Your Moab Basecamp
Choose from Big Horn Lodge, Redstone Inn, & Moab Rustic Inn
The Sand Flats Recreation Area (SFRA) near Moab, Utah, is a nationally significant public lands treasure at the heart of the Colorado Plateau. A high plane of slickrock domes, bowls and fins, it rises on the south to meet the colorful mesas and nearly 13,000-foot peaks of the La Sal Mountains. Cutting into the area on the east and west are the canyons of the Negro Bill and Mill Creek Wilderness Study Areas. To the north lies the deep gorge of the Colorado River and a hundred mile vista over Arches National Park. SFRA is home to the famous Slickrock Bike Trail enjoyed annually by over 100,000 visitors. The 7,240-acre SFRA is also popular for camping and jeeping. Read more...
From Salt Lake City to Moab is approximately 234 miles.
Take I-15 S toward Las Vegas/Cheyenne. Merge onto US-6 E (exit 258) toward US-89 E Price/Manti. Take the US-191 S (exit 182) toward Crescent JCT/Moab. Turn right onto US-191 S to Moab.
From Grand Junction, CO to Moab is approximately 114 miles.
Take I-70 W toward Green River (crossing into Utah). Take the US-191 S (exit 182) toward Crescent JCT/Moab. Turn Left onto US-191/UT-128 to Moab.
25 East Center Street
Moab, UT 84532
The Sand Flats Recreation Area is managed through a unique partnership between Grand County and the Bureau of Land Management. In 1995, in response to repeated health and resource violations, this area was developed through the collaborative efforts of Americorps, the BLM, Grand County and the Moab Community.
You can help our unique partnership efforts by taking responsibility for the lands you enjoy. Learn the guidelines of sustainable land use by:
Understanding how your use affects the land.
Adopting minimum impact practices.
Sharing in the costs of services, education and maintenance.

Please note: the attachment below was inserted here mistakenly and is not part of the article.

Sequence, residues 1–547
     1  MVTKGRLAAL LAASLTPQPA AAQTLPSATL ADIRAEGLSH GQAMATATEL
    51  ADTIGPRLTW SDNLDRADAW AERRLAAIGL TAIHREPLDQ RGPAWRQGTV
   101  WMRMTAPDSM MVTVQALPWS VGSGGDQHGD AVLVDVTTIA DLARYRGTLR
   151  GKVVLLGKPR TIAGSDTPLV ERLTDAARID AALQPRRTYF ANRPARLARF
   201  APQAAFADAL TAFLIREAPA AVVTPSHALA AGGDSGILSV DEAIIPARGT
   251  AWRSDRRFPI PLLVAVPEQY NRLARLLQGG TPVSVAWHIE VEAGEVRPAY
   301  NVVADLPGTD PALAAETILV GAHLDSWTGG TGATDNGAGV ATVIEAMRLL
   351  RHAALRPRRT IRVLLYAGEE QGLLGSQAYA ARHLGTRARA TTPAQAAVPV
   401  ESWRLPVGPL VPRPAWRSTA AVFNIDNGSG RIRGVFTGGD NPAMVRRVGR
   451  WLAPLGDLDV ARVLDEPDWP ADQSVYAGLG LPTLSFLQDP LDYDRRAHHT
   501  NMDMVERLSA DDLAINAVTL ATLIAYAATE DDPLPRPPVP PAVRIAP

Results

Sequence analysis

All user fees remain in this program and go towards services and maintenance. Information services include staffing the entrance station, campground and backcountry patrols, information and education in person and through displays, brochures and maps. General maintenance includes upkeep of campgrounds, toilet facilities and trails. Resource protection includes upkeep of fences, signs and revegetation projects.
Because a third of SFRA lands are Utah School Trust Lands a portion of fees collected goes to pay for the annual lease of this land. Your fees also sustain an apprenticeship program that provides work-study opportunities for local high school students. In addition a portion of fees helps to support the operation of Grand County Search and Rescue.
SFRA offers day-use passes, good for 3 days. If you enter in a private vehicle the pass costs $5.00, enter on a bike the pass costs $2.00, enter in a shuttle/van the pass costs $2.00 per person.
Yes, Sand Flats has 124 campsites, open year round and offered on a first-come, first-serve basis. Campsites are spread out over 9 camp clusters. Each site has a picnic table and metal fire ring, with a vault toilet nearby. Campers need to bring in all their drinking water, as water is not available on this high desert plateau. Camping at SFRA costs $10.00 per night, per car for up to 5 people. Additional persons cost $2.00 each per night. Children 7 years of age and under camp free.
Yes, Sand Flats does take reservations for 2 group sites C-1 and E-1. The minimum number of occupants in a group campsite is 11 and the maximum is 16. The reservation fee is $10 and the base fee for the campsite is $50. The reservation fee and first night's camping fee ($50) is non-refundable. The base fee covers up to 6 passenger cars and 16 people for first night's camping only. Additional nights are due upon arrival.
Camp only in designated sites.
Park vehicles in designated areas only.
2 vehicles, 10 people recommended per site.
Quiet hours are 10pm to 6am.
Woodcutting and firewood gathering are not permitted.
Use toilet facilities.
No discharging of firearms or fireworks.
Pack it in. Pack it out. A garbage dumpster is located at the Slickrock parking lot.
Please note for emergencies call 911. For non-emergencies, such as after hour noise disturbances or vandalism call the Sheriff's Dispatch at 435-259-8115.
Each year, millions of visitors enjoy Canyon Country. The impact of so much use is threatening the area's biological resources. You can help protect this fragile and beautiful land by following these four minimum-impact practices.